From the bookshelves of Forbes India
by Forbes India
4M ago
Fali Nariman is arguably the greatest living expert on the Constitution. He started his legal practice the year the Constitution of India was enacted in November 1949. He spoke with Divya Shekhar and Forbes India Editor Brian Carvalho about his new book 'You Must Know Your Constitution'. He discusses pertinent issues, including how the Constitution can be taken to the masses, questions around sedition and censorship, national vs official languages and whether it’s time for India to have a new Constitution. (Published by Hay House Publishers India and distributed by Penguin Random House India ..read more
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Madhav Gadgil on India’s priorities towards conservation, climate and sustainability
From the bookshelves of Forbes India
by Forbes India
4M ago
All through his career, Madhav Gadgil has worked closely with communities on the ground, roping in researchers, policy-makers, NGOs, farmers, teachers, students and citizens for environmental conservation. His contributions towards saving the Western Ghats and building an inventory to monitor biodiversity in India, among other things, have made him one of the country’s most eminent field ecologists. Gadgil speaks with Divya Shekhar about his newly-released memoir, A Walk Up The Hill, and summarises his decades-long experience of how we interact with the environment, the role of government and ..read more
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Water in the age of climate change, with Harini Nagendra and Seema Mundoli
From the bookshelves of Forbes India
by Forbes India
5M ago
The teachers of sustainability at the Azim Premji University in Bengaluru discuss their new book ‘Shades of Blue: Connecting the Drops in India’s Cities’, which combines scientific rigour with anecdotes, community histories, and nostalgia to take us through water bodies across the country. The authors talk to Divya Shekhar about our complicated collective history with water, community warriors who are showing the way, whether we need to put a price on water, and how we can start rebuilding our relationship with it ..read more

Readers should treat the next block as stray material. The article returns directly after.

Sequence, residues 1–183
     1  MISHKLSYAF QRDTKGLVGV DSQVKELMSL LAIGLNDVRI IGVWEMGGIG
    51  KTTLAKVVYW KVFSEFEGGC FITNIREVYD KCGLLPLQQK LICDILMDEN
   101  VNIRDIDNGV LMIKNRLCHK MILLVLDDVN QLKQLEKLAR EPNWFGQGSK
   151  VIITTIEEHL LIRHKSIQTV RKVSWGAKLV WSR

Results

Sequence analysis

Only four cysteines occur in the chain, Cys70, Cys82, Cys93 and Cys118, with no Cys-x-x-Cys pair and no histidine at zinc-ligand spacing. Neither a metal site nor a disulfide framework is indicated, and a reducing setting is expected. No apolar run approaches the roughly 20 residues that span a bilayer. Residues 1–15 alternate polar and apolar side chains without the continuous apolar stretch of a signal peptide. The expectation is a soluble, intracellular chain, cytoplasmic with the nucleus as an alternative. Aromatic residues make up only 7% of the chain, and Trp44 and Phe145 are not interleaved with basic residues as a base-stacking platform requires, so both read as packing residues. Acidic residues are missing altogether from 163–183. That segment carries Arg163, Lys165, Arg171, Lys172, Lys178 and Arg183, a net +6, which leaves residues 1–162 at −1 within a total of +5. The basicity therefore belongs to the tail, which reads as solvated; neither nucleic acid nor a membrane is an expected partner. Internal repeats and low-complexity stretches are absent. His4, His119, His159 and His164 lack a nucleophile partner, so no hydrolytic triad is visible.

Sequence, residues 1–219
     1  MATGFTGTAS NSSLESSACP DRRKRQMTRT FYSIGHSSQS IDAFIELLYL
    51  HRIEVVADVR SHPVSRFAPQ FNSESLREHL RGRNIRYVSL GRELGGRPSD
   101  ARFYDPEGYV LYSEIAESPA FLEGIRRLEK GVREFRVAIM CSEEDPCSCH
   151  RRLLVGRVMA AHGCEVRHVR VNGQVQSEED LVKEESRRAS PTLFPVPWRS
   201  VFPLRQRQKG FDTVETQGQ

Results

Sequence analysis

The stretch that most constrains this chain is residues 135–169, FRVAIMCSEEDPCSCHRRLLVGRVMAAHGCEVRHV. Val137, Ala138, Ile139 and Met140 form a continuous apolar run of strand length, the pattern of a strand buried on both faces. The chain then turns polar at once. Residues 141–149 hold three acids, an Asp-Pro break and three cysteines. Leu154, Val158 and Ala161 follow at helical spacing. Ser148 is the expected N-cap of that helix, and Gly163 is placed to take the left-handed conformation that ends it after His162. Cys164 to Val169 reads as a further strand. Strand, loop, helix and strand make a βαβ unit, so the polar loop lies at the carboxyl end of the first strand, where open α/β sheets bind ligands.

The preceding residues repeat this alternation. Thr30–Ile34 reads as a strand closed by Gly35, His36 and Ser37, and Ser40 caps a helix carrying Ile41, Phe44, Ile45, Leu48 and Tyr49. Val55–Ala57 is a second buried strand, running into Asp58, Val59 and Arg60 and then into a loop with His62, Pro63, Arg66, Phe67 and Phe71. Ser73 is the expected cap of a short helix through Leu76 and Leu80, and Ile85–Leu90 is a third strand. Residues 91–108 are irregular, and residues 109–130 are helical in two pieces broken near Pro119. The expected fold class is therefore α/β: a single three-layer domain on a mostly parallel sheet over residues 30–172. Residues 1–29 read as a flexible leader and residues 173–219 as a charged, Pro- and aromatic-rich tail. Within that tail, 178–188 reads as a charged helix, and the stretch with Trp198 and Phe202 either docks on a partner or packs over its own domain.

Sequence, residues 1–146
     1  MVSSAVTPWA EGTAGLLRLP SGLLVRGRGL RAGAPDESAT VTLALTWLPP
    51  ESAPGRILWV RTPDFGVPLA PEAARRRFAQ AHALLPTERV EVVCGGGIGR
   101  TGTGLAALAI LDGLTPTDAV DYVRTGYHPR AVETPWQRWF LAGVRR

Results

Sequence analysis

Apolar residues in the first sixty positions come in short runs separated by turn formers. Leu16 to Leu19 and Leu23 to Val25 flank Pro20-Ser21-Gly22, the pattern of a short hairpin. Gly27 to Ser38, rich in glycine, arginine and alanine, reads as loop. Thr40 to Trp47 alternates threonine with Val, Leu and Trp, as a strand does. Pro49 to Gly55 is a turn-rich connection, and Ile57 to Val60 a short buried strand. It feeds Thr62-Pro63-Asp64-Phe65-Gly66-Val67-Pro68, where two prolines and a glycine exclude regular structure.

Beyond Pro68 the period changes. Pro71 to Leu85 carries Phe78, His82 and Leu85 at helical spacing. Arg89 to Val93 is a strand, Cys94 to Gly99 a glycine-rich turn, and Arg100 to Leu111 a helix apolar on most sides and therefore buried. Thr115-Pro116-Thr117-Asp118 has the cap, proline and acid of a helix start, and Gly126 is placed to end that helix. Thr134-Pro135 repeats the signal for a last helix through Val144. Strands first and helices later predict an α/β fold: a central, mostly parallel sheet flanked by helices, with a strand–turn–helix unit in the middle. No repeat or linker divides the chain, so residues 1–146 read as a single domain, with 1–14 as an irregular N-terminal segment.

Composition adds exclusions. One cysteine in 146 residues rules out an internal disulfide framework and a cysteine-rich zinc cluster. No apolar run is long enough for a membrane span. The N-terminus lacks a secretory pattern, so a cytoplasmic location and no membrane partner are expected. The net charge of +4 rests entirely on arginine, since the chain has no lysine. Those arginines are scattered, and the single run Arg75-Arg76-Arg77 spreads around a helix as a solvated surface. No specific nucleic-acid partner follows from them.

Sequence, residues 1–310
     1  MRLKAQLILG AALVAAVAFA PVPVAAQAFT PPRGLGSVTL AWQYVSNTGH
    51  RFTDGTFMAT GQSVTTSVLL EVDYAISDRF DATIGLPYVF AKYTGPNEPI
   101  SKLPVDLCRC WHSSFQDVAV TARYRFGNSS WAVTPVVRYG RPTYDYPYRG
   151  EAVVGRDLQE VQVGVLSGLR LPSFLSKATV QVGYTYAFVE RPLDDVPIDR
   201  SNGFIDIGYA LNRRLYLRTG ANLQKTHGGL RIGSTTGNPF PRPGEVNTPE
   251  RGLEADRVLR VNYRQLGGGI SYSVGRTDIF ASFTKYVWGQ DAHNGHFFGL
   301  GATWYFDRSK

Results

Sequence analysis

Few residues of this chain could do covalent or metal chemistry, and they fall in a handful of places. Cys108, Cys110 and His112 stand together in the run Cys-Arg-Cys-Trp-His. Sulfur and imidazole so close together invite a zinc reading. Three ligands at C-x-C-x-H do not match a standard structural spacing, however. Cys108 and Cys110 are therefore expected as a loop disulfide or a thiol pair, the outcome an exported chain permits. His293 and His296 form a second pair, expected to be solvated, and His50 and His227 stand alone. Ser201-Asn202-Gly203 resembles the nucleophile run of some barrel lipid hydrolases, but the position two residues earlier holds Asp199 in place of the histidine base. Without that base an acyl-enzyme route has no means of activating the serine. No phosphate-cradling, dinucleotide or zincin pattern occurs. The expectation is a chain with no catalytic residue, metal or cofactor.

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Nagaraja Prakasam on why entrepreneurs should solve for ‘Bharat’, not just India
From the bookshelves of Forbes India
by Forbes India
5M ago
In his book ‘Back to Bharat: In Search of a Sustainable Future’, impact investor Nagaraja Prakasam distinguishes between India and Bharat. For him, the word ‘Bharat’ means the “ignored billion” in the country. These are people, he says, that are still largely left out of the digital revolution—venture investors are mostly wary of them, and businesses stay away as they do not see profit in solving for them. Prakasam, who calls himself a farmer, retired from a software career at the age of 41 and has since spent his time backing social enterprises. He talks to Divya Shekhar about his new bo ..read more
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Azim Premji Foundation CEO Anurag Behar on education and stories from the ground
From the bookshelves of Forbes India
by Forbes India
6M ago
Anurag Behar is the CEO of the Azim Premji Foundation that has been working in the space of education and now healthcare. In his new book, ‘A Matter of the Heart: Education in India’, he shares a collection of essays that takes us to schools in some of the most remote villages in India. Behar leads an organization of thousands of people working across districts in India. He tells Divya Shekhar that his book is about stories of ordinary people doing extraordinary work. It also throws light on the struggles and infrastructure challenges at these schools, but at its core, it is about voices that ..read more